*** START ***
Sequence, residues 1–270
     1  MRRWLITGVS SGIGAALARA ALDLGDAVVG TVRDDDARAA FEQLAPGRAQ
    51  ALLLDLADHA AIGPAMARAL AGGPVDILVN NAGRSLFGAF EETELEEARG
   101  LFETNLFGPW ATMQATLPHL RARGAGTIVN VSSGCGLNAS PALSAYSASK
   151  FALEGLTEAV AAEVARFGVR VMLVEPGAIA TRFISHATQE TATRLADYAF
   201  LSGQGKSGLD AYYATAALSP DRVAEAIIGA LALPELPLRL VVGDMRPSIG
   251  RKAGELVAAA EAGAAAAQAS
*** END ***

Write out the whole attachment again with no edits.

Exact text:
Sequence, residues 1–270
     1  MRRWLITGVS SGIGAALARA ALDLGDAVVG TVRDDDARAA FEQLAPGRAQ
    51  ALLLDLADHA AIGPAMARAL AGGPVDILVN NAGRSLFGAF EETELEEARG
   101  LFETNLFGPW ATMQATLPHL RARGAGTIVN VSSGCGLNAS PALSAYSASK
   151  FALEGLTEAV AAEVARFGVR VMLVEPGAIA TRFISHATQE TATRLADYAF
   201  LSGQGKSGLD AYYATAALSP DRVAEAIIGA LALPELPLRL VVGDMRPSIG
   251  RKAGELVAAA EAGAAAAQAS